Ursula K Le Guin passed away last week at the age of 88. She was a literary legend, and a lot has been said about her already, so this isn’t a long remembrance or anything, but a little thing that’s stuck with me over the years.
I read the Earthsea books and a bunch of other things as an early library-card-carrying book lover. In my tweens and teens I could be found scouring the spinner racks of paperback science fiction and fantasy novels bridging the YA and adult sections of the library on a weekly basis.
On one such week in my early teens, I found a copy of the 1995 Year’s Best Science Fiction and in it was a story from Ursula K Le Guin! I was only familiar with her stories for a younger market and I remember being fascinated that she also wrote for adults. (yes, I learned quickly after that!)
In my early teens in particular, I struggled a lot with finding my place, socially. I didn’t have the language or the social capital to really understand my own identity at the time; I lived in a small town where being Other than what was considered “normal” was a real problem. As a chubby, awkward, bookish person prone to strong convictions and not easily cowed by peer pressure, I already drew a lot of ire from bullies of all stripes.
A common bullet point in the list of things I was bullied for was my queerness. We didn’t have the vocabulary in a small Pennsylvania town in the ’90s to accurately describe me, but I feel like most children drawn to participate in bullying have a sixth sense for finding the weak points in someone’s identity and exploiting them, and in my case it usually involved all the normal slurs. Lots of “lesbo” and “dyke,” and, most frustratingly, “it,” to distinguish that I wasn’t, like them, a girl or a boy.
I didn’t have a way to translate that I really DIDN’T feel like I was a girl–or a boy. I certainly wasn’t one with either “acceptable” identity and I spent a lot of years chafing at expectations every step of the way.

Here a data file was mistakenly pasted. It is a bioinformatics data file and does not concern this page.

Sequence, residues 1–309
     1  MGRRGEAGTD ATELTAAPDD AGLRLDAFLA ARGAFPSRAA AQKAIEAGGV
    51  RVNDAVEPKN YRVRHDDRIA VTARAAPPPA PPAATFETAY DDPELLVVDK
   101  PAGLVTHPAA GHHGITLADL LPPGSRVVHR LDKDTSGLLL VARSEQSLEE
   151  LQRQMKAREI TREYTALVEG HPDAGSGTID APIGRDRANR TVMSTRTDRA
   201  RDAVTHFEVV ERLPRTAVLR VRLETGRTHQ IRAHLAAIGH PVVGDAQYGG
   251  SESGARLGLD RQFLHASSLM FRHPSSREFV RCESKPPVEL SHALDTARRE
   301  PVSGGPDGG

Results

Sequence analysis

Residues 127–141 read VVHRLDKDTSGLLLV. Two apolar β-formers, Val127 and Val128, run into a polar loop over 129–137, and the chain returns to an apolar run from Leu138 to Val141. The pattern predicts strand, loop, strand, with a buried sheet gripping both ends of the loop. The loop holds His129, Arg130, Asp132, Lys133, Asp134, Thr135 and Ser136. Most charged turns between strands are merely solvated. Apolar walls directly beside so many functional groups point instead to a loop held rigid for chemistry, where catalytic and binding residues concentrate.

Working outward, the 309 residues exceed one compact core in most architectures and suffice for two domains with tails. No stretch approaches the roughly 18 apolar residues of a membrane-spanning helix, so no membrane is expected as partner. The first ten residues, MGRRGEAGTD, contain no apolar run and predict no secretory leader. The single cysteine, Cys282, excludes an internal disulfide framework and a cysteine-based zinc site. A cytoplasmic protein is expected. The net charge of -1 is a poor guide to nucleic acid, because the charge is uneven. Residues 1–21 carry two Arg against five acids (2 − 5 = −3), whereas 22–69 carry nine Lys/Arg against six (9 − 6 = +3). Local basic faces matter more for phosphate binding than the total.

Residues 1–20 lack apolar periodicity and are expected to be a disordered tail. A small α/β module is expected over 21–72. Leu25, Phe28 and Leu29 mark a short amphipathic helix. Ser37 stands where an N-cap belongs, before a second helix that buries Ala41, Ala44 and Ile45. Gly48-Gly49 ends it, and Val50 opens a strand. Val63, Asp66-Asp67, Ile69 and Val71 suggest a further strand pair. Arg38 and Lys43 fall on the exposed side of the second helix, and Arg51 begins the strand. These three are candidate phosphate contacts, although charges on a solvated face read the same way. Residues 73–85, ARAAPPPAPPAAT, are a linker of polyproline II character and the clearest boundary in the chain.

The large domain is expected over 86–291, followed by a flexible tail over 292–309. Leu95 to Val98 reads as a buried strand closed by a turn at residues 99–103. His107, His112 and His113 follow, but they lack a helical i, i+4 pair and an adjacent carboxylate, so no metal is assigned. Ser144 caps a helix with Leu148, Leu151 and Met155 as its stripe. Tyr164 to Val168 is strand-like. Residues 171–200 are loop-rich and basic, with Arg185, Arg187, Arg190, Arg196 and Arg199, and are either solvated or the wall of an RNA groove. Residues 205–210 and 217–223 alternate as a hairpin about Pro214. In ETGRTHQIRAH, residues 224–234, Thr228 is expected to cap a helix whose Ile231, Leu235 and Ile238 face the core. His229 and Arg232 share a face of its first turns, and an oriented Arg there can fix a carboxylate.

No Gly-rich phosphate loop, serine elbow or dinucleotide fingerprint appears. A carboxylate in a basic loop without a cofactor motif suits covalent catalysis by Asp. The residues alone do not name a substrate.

So imagine my surprise when I get my library books home that particular day; when I sprinted off to my loft in the attic and started to read.
The short story from Ursula K Le Guin in that collection was a little piece called “Coming of Age in Karhide.” It didn’t matter to young me that it was a tie-in story to one of her bigger series (the Hainish Cycle, which began with Left Hand of Darkness)–what mattered to me was that it was a loving and careful depiction of a young adult who was confused and struggling with their own identity and feeling like none of the available options was acceptable to them.
The story explores the social dynamics of a planet where none of its people have a fixed gender identity, and instead have temporary periods of fertility, during which they can be either male or female. While this is one of the core premises of the Hainish Cycle, I hadn’t arrived there yet. What I got was an amazing, and frankly sexy, story about being in a way that I had literally never experienced before. The closest thing I have ever seen to having my own self in any media are the people of Gethen in somer–a neutral state of being.
To early-teen me, the remote possibility that I was gender-nonconforming was still an unknown and something for which I had no vocabulary, but to see the difficulties of this written so eloquently and with so much thoughtfulness was heartening. It felt like someone saw my pansexual, agender self straight through and thought it was worth writing about the struggle, with feelings about sex as a performative identity–especially as the story deals with puberty and sexual identity as a strong part of that.
There’s self-knowledge that comes with that struggle, especially for queer folks, and I felt very much like someone understood what it was like, and that it wasn’t so weird after all: somer or kemmer, love is love.
This story has stuck with me for decades now and was part of how I learned to see myself as I grew up. I owe her a debt of gratitude for that story alone, much less the rest of her wonderful stories and books, many of which felt like a homecoming after a long time away when I finally found my way into them. <3
I’m still but fledgling in my efforts to write things for a wider audience, but I think the best compliment most of us can hope for is to be in inspiration to someone else through our work, and Ursula K Le Guin was that, and more, for a lot of us. I’m grateful we got to share this planet, for a time; a time in which I really needed it.